Renewable Energy is fundamentally divided into utility scale and distributed generation projects, known as DG. When you think of utility scale projects these are large plants, such as coal and nuclear. These type of plants are less common with renewable sources (with the exception of hydroelectric) due to transmission loss (the loss of energy needed to transmit the energy from point to point) but there are some applications of utility scale solar and wind projects. Distributed generation refers to smaller, more local power generation where the power is produced very close to where it will be consumed, i.e. a solar system on a house.

The main distributed generation renewable energy applications include:

Small Wind:

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Small Hydro

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  • Small Hydro is sometimes called micro hydro or pico hydro. Small hydro is the use of hydroelectric power for a community of residents or business users with capacity up to 10 megawatts.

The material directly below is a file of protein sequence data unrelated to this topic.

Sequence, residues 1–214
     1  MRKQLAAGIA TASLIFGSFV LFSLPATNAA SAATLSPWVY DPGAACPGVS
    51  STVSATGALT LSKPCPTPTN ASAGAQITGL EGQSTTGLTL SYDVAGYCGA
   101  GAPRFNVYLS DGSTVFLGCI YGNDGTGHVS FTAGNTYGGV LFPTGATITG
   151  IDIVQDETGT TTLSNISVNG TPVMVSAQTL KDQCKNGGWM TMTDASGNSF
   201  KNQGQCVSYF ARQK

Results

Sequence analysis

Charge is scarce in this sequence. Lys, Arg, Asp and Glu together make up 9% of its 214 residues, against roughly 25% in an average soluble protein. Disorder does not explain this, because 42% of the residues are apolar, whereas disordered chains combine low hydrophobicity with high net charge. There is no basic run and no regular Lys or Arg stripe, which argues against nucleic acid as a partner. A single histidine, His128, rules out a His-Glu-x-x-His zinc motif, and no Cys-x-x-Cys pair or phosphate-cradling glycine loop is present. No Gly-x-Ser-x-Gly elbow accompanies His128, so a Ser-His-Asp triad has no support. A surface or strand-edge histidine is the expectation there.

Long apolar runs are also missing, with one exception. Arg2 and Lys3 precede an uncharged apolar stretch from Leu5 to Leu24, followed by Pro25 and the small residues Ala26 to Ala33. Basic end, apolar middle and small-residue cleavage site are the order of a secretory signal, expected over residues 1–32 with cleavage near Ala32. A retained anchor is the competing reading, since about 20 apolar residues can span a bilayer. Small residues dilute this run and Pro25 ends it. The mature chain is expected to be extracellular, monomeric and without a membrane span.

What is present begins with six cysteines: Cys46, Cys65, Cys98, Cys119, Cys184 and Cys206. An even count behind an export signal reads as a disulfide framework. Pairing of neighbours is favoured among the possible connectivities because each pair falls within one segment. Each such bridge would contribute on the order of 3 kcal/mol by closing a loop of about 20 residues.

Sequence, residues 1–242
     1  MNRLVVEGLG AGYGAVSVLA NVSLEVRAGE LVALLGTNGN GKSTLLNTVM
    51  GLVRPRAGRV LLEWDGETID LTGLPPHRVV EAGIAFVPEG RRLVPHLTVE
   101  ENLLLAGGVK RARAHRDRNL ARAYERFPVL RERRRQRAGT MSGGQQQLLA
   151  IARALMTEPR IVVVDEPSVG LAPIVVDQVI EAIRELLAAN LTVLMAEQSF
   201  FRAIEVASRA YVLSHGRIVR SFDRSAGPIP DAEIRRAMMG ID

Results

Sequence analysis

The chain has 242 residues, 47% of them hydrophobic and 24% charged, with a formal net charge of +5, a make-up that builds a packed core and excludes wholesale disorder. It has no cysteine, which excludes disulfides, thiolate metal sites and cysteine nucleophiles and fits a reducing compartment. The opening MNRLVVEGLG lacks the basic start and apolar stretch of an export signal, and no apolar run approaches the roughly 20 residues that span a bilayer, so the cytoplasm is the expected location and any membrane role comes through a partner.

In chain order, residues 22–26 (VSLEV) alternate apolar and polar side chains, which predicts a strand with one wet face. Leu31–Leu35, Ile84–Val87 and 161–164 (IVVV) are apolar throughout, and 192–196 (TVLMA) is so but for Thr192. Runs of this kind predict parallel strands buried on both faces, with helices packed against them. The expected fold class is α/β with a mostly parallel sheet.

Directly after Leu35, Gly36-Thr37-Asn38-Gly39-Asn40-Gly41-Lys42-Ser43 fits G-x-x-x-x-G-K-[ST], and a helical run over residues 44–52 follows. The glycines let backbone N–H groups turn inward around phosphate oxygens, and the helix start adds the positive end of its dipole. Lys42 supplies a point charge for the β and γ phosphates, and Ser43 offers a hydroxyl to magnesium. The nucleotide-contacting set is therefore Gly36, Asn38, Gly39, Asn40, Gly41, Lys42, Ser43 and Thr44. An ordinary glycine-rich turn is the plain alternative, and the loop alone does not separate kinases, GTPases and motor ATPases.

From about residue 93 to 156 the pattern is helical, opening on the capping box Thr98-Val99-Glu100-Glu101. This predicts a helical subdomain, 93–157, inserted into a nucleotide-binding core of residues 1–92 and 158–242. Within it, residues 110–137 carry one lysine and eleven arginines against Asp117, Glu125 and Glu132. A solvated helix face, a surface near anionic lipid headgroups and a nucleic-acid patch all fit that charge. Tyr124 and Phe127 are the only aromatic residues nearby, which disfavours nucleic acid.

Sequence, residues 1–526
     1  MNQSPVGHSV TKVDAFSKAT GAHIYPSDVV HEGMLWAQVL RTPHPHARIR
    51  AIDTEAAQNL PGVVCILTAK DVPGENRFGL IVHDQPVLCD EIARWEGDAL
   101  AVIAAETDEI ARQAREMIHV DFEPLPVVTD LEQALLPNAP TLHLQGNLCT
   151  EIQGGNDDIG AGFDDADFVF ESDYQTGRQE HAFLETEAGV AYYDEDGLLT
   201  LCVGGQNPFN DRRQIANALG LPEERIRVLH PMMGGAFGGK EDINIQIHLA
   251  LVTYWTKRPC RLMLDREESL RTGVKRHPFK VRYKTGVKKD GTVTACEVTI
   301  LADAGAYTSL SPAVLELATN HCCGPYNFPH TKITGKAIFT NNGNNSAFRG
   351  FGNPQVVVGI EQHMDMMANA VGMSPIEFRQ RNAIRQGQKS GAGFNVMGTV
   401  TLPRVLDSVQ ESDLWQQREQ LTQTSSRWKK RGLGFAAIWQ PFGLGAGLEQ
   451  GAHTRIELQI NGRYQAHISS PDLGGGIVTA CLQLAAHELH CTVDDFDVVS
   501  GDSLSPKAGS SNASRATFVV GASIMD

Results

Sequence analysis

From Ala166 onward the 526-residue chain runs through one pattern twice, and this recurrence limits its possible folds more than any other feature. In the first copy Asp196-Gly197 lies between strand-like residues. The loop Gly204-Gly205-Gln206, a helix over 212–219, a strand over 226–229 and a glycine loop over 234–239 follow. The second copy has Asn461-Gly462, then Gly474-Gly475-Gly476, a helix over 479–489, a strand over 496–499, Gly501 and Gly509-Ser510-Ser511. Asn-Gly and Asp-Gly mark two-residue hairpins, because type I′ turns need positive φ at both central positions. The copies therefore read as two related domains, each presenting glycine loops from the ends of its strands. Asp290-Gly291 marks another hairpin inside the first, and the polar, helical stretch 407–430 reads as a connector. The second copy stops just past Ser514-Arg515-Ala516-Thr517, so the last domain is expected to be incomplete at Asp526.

• Small Hyro: As always, Wikipedia has some great information!
  • Dorado Vista: One of the few places I’ve found to get information specifically on small hydro.

Solar Photovoltaic Power (PV)

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  • Solar Photovoltaic Power (PV) is almost always referred to as “PV”. It uses the sun to excite electrons, excited electrons then create electricity. It’s a little more complicated but thats the general jist.
  • How Solar Cells Work: A great article by ‘How Stuff Works’. A must read description of how solar cells work written in plain english.
  • Solar Consumer’s Guide: A free guide published by the Department of Energy, a great document that discusses all of solar’s basics.
  • Solar Basics: Free information solar basics published from the National Renewable Energy Laboratory (NREL)
  • Solar Electricity Basics Free Webinar: Great 45 minute free webinar on basics of solar photovoltaic energy. Very organized, spoken in common language.

Solar Thermal/Domestic Hot water

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  • Solar thermal technology uses the sun to heat water. The hot water can be used for pool heating, heating domestic hot water, or providing heat for a residential or commercial building.
  • Solar Hot Water Basics: Some great resources provided by the Vermont Energy Investment Corporation